In unfolding the typology of receptions, Max Rheinstein excludes similarities due to independent parallel developments. According to Rheinstein it might be appropriate to eliminate those numerous cases in which legal phenomena where a given legal climate are consciously introduced into a different one, but without voluntary adoption. In other words, according to Rheinstein, the imposition of a law upon a conquered or otherwise dependent nation by an external dominant group should not be called reception. The text expounds that this phenomena, which Rheinstein calls imposition, can occur in various ways. In this text, Rheinstein further distinguishes from reception in the strict sense of the word and argues for a distinction of the situation, which might be called the transplantation of legal phenomena. The exclusion is followed by a series of examples. According to Rheinstein therefore “imposition” and “transplantation” constitute phenomena, which produce effects similar to those of reception, but in their inception they are different. The term “reception” should preferably be preserved to those situations in which legal phenomena of one legal climate are consciously and willingly adopted into another legal system.
Regarding the term “legal phenomenon” Rheinstein argues, that in this connection, contrary to that of reception, it becomes necessary to be more specific because it seems that the characteristics of reception were greatly depending upon the kind of legal phenomena which are being received in a particular case. As in the case of imposition, the subject matter of reception may be constituted by just one single sentence of a single statute, or the total of the codes and the statues of the model country or any group of legal roules lying in between these extremes.
The text then differentiates the receptions of one particular statute and the reception of an entire code as the codes of Germany, France and Switzerland. The text further argues that in none of the countries of origin did the coming into existence and taking over of these codes constitute a radical brake from the legal past. All three codes, those of France, Germany and Switzerland, rather appear to be consolidations, unifications and modernizations of pre-code traditions. The enactment of none of them required a total shift to new methods of legal thought. The receptions in countries belonging to the same traditions were not accompanied by any changes, which would have been more far-reaching than those which had occurred in the mother countries of the code adopted.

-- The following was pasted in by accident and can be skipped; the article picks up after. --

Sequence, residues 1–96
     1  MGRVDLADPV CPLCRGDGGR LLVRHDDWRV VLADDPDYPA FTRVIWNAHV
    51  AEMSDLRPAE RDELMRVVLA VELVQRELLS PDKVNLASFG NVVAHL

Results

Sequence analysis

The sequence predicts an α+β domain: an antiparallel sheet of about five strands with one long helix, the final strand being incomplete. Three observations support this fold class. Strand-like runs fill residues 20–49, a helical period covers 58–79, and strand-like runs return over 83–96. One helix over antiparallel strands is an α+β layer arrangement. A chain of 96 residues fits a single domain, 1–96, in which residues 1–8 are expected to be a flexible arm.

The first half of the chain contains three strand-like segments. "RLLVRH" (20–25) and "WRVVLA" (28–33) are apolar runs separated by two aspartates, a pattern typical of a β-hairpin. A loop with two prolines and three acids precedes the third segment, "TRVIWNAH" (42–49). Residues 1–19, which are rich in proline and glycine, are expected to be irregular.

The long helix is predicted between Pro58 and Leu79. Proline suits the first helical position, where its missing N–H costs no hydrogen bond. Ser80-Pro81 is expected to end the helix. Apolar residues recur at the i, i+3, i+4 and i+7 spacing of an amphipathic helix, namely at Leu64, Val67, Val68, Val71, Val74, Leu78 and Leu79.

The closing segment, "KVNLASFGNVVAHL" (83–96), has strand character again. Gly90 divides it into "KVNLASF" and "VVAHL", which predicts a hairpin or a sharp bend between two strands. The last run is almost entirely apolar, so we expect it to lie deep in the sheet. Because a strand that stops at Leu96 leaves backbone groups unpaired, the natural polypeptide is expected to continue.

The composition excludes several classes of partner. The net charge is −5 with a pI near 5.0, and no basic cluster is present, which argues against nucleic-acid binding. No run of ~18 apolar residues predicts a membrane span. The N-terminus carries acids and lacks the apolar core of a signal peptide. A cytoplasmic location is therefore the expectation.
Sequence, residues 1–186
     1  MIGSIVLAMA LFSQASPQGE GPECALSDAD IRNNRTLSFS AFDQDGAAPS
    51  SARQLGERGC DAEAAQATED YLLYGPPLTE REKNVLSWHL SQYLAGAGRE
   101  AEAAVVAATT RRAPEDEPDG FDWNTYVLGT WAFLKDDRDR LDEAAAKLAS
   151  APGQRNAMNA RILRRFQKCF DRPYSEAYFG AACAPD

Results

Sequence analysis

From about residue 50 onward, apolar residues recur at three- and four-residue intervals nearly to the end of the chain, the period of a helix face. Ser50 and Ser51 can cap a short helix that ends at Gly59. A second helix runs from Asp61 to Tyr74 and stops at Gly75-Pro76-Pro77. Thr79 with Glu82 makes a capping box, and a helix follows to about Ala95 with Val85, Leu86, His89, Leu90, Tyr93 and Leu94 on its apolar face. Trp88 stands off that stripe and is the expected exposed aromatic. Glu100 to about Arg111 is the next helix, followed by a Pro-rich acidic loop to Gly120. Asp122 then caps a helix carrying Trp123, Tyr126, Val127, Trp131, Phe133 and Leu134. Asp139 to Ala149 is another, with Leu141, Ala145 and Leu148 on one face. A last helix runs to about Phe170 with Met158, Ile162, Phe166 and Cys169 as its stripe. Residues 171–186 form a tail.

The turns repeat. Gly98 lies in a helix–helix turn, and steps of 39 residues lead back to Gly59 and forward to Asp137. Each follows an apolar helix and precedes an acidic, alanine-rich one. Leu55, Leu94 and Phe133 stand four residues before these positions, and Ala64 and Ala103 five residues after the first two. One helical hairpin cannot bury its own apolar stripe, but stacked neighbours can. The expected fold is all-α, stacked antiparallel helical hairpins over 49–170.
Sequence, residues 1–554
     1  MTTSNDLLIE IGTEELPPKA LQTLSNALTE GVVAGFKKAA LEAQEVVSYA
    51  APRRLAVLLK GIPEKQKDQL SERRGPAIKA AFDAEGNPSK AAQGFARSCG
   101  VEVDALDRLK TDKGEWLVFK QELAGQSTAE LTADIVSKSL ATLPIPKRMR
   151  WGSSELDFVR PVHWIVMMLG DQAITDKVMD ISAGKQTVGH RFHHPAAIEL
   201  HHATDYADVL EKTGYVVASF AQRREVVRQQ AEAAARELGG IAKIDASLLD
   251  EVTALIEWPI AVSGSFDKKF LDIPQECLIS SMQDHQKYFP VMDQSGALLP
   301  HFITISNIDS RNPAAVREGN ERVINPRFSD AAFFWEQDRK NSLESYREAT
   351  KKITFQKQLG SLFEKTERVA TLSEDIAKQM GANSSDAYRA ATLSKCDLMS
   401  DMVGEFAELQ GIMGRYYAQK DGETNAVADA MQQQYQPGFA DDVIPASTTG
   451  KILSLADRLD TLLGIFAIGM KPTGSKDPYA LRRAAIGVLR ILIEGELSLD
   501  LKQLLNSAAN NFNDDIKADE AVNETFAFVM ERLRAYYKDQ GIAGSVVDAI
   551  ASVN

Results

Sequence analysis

The Swiss-Turkey relationship in mind, the situation is different according to Rheinstein when a western code is received by a country where traditions of legal thought and method have been markedly different from those of Modern Western Europe. “It is in the context of such receptions that we are alerted to the fact that there are receptions which are characterized not so much, or not only, by the adoption of the contents of statutes or codes of foreign origin, but by the adoption in one legal system of a method of legal thought which have so far been characteristic of another legal system”.
The basic observation of legal phenomena in such context of reception is analysed based upon the observation that the great legal systems of the world are characteristically different from each other; not so much by the confluent of the rules of substantive law as by the method in which the administration of justice is organized and the ways in which the work of the minds of those men by whom the particular system of administration of justice is dominated. The work entitled Economy and Society of Max Weber called these men the legal honoratiores as regards to and in connection with the reception of the Swiss Civil Code in Turkey. Rheinstein ends with this element statement: “The decisive feature of the “Reception” was thus the combination of the reception of a great code with that of a new method of legal thought as brought about by the replacement of one group of legal honoratiores by another. Similar effects can be expected to occur in the Islamic countries in which there has occurred not only the adoption of Western codes but also the substitution of jurists trained in the scholarly methods of Western legal thought for the older group of theological-legal honoratiores of Islamic traditions.”